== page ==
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Following the event of the President’s and Vice-President’s deaths, permanent incapacitations, removals from office, or resignations, the Acting President takes on the powers and duties of the Office, while Congress calls for a special election three days after either of the Offices are vacated. According to the Constitution, “the special election should occur 40 days after the enactment of the law, but not later than 60 days after the enactment of the law.” (Official Gazette)

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Now, since we’ve noted the major players on the presidential line of succession, let’s talk about the minor—you don’t need to know them, but probably should—players in the rest of the list of successors to become “Acting President.” Following the House Speaker, we’d have the most senior senator in terms of service to the Senate. As senators only usually serve two consecutive terms, keep an eye out for the senator who’s on their third or higher non-consecutive term, as they’d be likely to fall in the presidential line of succession.

Following the most senior senator is the most senior representative from the House of Representatives (again, in terms of service) and, finally, a cabinet member specifically chosen by the current president to be a “designated survivor” in the event everyone preceding them in the line of succession just so happens to be, uh, wiped off the board. If you haven’t seen the Netflix series, a designated survivor is pretty much a chosen elected official who doesn’t attend the same event which all members of the line of succession are expected to be at, so the annual State of the Nation Address, for example.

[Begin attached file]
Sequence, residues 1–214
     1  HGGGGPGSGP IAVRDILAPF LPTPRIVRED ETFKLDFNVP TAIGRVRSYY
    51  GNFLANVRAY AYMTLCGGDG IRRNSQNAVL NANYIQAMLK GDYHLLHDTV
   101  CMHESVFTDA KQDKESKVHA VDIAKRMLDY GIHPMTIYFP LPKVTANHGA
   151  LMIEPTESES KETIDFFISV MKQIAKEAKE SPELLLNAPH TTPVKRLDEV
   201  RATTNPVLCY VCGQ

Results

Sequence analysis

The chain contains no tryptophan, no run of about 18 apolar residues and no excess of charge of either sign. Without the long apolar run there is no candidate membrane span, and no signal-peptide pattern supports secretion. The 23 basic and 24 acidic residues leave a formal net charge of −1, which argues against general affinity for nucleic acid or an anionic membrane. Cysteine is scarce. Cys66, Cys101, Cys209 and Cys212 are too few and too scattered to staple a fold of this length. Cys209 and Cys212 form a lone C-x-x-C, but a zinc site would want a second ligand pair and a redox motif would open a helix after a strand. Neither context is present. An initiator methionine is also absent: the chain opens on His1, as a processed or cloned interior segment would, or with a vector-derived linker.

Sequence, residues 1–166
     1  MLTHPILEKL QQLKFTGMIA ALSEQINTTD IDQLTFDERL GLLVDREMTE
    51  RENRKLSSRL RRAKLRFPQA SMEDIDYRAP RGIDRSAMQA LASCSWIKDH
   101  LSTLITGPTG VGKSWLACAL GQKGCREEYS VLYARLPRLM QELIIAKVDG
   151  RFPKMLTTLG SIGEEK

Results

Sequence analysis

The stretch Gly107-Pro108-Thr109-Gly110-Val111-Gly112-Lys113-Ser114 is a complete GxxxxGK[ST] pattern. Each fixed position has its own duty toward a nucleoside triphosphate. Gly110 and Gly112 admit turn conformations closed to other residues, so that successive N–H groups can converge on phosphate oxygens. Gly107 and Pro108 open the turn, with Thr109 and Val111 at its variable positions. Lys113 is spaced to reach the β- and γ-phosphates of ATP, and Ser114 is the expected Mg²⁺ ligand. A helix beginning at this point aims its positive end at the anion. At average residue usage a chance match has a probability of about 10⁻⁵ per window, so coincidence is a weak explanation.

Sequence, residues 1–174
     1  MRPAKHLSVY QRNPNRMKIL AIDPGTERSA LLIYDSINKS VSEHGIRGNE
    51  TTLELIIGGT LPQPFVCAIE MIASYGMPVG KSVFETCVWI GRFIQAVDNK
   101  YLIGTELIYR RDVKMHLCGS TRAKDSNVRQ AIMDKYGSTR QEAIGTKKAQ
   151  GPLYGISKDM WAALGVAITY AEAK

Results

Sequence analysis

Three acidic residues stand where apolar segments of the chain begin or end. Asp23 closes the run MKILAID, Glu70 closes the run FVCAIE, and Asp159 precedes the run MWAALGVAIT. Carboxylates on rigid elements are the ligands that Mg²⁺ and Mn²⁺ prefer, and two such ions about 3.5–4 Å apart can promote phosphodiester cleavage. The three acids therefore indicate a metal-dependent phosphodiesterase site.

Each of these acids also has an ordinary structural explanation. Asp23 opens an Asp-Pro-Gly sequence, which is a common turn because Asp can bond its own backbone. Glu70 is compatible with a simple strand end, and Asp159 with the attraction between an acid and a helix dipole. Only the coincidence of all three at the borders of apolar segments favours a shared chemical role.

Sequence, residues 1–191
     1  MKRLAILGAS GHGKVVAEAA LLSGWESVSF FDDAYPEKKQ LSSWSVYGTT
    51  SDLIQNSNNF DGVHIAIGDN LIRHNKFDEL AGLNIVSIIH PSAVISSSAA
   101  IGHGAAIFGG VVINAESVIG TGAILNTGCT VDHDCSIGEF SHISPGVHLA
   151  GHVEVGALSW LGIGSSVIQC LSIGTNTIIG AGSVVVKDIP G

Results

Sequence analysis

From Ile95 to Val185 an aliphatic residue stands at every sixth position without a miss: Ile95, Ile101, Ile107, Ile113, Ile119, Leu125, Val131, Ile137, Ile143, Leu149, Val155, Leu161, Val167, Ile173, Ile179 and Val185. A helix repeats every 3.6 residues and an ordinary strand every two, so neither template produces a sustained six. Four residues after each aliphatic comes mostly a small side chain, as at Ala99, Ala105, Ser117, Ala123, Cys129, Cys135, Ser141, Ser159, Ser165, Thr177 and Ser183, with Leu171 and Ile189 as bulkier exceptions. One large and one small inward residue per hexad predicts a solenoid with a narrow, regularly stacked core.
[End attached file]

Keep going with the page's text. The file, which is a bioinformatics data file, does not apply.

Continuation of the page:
While appeasing to know that there is at least a contingency for the unlikely event that the six people on the presidential line of succession are somehow unable to perform the duties of the Office, there actually isn’t. At least, not officially. Former Senator Panfilo “Ping” Lacson filed in 2019 a bill that proposed the extension of the presidential line of succession past the House Speaker, to include the most senior senator, most senior House representative, and a designated survivor. However, the bill, as of September 2022, is still pending being passed into legislation. (Senate of the Philippines)


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It must be human nature for people to procrastinate on “urgent” tasks that don’t have a strict deadline. It famously took the aforementioned United Kingdom almost 700 years before landing on the Act of Settlement 1701 and Sophia of Hanover to clearly define the descendants to take the Crown. Likewise, the United States saw eight presidents dying in office before the 25th Amendment put a detailed structure of succession into legislation. 

Coming back full circle, the Philippines follows in that tradition of having a measly four-person presidential line of succession two decades into the 21st Century. God save the Philippines, indeed.